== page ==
Here’s How You Can Sleep With Any Woman

Kirsten Macnab |

Yes, sleep. As in hibernate. (What were you thinking?) Learn to stack easy Zs and wake up refreshed

Keeping your mate up all night isn’t something to brag about. In fact, about one in four American couples sleep in separate beds because they just can’t sleep together. Seven out of 10 women in a recent Women’s Health poll said their partner keeps them up at night by snoring and moving around. And a groggy partner is a cranky partner. “If that person is waking up grumpy and it’s a new relationship, it’ll probably get worse over time,” says Rafael Pelayo, a Stanford sleep physician. “Lack of sleep makes people feel irritable, inattentive, and sometimes even guilty because they bark at their partner in the morning.” See if any of these problems sound familiar, and then take action to sleep well tonight.

1. Snoring keeps one of you up all night.

Sleep on your side to keep your tongue out of the way, Dr Pelayo suggests. Or do palate exercises, like pushing the tip of your tongue against the roof of your mouth and then sliding your tongue backward. In a 2015 Brazilian study, such exercises – involving the tongue, soft palate, and hard palate – reduced snoring frequency by 36%. Another option is the Max-Air Nose Cone nasal dilator – a plastic thingy that props your nasal airways open, encouraging nasal breathing. In one study, it increased airflow by 110%.

2. She wants to sleep; you’re wide awake.
Your chronotypes may be out of sync. You each have your own natural sleep cycle; we don’t know how they develop, and altering your chronotype isn’t easy, says University of Pittsburgh sleep researcher Heather Gunn. Is your mate’s internal clock powering down as The Bachelor credits roll while yours keeps ticking well past the infomercials? Ask each other if hitting the sack together is really that important. If you’re a night owl and she rises with the roosters, try heading to bed separately. “If you wake up feeling good,” Dr Pelayo says, “all is forgiven in the morning.”


3. One of you is a restless sleeper.
Go royal: with a queen or king mattress, you’ll have more elbow room. A bed with air chambers for each side or memory foam mattress isolates movement. On a budget? Wedge a body pillow between you and your bedmate, Dr Pelayo says. Or try slipping into a thin sleeping bag beneath the sheets.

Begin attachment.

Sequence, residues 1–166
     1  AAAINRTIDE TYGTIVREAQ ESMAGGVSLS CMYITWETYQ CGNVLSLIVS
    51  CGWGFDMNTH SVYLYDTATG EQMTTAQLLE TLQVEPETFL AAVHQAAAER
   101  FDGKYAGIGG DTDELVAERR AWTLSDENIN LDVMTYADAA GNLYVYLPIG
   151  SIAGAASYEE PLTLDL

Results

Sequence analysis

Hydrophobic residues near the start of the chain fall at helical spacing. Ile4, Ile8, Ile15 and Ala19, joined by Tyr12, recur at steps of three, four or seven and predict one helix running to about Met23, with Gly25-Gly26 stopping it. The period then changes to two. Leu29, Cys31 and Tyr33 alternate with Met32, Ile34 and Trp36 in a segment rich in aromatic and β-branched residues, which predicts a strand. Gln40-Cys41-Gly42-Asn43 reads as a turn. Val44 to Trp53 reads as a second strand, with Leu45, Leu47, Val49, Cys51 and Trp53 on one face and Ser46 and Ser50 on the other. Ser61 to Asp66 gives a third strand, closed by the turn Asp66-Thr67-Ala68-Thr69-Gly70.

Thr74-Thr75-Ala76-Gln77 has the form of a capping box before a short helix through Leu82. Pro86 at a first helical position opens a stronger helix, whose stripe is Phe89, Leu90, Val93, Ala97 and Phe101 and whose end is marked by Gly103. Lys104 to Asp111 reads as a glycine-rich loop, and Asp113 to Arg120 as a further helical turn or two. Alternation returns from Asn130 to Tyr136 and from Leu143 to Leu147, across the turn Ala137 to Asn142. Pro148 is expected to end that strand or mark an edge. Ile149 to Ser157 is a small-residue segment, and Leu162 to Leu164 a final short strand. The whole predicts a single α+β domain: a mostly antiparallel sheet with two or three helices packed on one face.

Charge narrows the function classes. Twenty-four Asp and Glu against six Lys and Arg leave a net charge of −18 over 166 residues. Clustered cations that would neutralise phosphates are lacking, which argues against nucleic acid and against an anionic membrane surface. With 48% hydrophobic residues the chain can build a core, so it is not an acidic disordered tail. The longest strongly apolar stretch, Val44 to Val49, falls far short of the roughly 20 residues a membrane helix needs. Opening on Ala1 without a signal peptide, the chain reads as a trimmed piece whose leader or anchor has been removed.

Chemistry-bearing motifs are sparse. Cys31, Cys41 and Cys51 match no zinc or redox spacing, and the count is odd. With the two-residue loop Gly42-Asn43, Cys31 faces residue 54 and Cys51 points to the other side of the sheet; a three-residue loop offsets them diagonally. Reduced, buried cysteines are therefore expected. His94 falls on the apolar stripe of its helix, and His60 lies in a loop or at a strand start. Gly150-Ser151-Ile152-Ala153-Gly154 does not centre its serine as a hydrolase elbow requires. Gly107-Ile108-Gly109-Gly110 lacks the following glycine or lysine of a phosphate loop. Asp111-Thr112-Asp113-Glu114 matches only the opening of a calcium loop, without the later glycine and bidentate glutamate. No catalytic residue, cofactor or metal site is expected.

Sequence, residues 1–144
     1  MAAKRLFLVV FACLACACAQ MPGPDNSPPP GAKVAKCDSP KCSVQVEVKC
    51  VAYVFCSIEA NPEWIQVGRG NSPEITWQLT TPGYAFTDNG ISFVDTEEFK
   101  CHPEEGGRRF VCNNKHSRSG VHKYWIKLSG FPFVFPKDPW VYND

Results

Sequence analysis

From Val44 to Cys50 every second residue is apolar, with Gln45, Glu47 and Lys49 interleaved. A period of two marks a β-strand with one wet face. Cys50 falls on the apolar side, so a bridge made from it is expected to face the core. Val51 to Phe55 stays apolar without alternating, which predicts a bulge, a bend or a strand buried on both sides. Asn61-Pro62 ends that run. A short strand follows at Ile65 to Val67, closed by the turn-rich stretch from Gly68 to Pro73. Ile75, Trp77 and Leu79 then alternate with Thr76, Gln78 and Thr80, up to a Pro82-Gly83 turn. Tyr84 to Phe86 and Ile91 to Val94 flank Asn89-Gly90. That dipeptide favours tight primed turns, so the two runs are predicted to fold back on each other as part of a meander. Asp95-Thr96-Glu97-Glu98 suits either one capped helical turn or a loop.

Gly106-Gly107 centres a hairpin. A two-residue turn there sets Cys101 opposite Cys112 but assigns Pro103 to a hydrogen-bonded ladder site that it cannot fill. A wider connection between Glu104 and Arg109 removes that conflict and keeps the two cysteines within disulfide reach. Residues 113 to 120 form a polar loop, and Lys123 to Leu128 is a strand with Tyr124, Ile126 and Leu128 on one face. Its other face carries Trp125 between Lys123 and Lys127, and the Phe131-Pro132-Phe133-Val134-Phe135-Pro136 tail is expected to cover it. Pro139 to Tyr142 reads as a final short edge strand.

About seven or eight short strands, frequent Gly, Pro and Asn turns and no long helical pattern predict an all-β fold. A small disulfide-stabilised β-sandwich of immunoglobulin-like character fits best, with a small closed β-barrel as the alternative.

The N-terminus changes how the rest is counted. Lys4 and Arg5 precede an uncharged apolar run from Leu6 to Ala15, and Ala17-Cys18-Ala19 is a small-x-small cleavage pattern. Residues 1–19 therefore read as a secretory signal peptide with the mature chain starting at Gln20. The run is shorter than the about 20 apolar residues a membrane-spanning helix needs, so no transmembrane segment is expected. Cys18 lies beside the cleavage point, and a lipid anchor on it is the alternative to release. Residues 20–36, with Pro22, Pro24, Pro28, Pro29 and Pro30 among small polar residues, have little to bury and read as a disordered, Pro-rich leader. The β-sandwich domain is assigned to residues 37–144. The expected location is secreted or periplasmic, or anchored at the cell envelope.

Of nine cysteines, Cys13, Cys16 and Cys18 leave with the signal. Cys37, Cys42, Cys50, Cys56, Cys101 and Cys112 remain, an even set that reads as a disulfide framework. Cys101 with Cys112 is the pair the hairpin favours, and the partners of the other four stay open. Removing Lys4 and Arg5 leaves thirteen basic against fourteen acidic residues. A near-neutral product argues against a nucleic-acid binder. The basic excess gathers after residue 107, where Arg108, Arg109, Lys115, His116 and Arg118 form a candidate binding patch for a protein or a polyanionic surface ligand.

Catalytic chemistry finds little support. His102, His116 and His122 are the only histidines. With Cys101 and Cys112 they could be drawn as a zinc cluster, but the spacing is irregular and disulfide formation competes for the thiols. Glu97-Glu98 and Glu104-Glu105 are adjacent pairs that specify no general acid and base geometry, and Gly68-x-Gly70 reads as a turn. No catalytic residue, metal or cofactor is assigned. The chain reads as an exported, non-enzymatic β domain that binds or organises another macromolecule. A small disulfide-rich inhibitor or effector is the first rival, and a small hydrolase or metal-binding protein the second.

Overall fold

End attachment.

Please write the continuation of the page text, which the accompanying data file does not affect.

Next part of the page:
4. Sleeplessness is tearing you apart.
Two words: separate beds. Maybe it’s not so romantic, but a good night’s sleep trumps all. In a University of Pittsburgh study, married men were more satisfied with their relationship after a good sleep. About a quarter of couples don’t share a bed, the National Sleep Foundation reports. Have a snuggle (or more) before retiring to separate beds, and then climb back into bed together in the morning. “Time spent side by side in an intimate space is important,” Wood says. That’s when men are more likely to share intimate thoughts. And you know where that can lead.

5. She’s always cold and you’re a furnace.
Women tend to feel colder than men because their smaller frame and higher body fat equals a slower metabolism. And once you hit dreamland, your internal thermometer changes: “You tend to feel colder in the morning than at the start of the night,” Dr Pelayo says. Performance bedding fabrics can help. Sheex, made of moisture-wicking microfibre polyester and spandex, absorb sweat and help regulate body temps. A ChiliPad Cube mattress pad uses silicone tubing to circulate cold or warm water on either side of the bed.

6. Spooning puts your arm to sleep.
Curling up together can have direct physiological benefits – like reducing stress responses, says social scientist Wendy Troxel. Start out in a bodies-touching position, suggests body language expert Patti Wood. Then segue into something more conducive to slumber. The back-to-back “Zen position” reveals trust and the ability and desire to be independent, Wood says, but the “tushie touch” shows that you want to stay sexually connected. It’s all about the “cuddle hormone” oxytocin: scientists in France say this hormone makes men perceive their partner as more attractive than other women.

Young couple watching television and eating a huge bowl of fresh buttered popcorn comfortably wrapped in a blanket. The movie might be a bit boring since both of then are sleeping... in the popcorn !!!

Ask the girl next door:
“She calls me “babe” and invites me over for movie night, just the two of us. But then she says she doesn’t like me “that way.” What does that mean?”- TOM, East London

It means you’re being used – to stroke her ego. Sounds to me like you’ve been putting up with this arrangement hoping for more, and she’s just into having a guy around who will dote on her. So she gives you just enough encouragement to stick around. (That’s what’s behind the pet name, by the way.) Trust me on this: If a woman is truly interested, “movie night” is never really movie night. In other words, if it hasn’t happened by now, it’s not happening. So give it up. You’ll be far better off spending your Friday nights swiping through Tinder options than wasting your time with someone who will never be an option.

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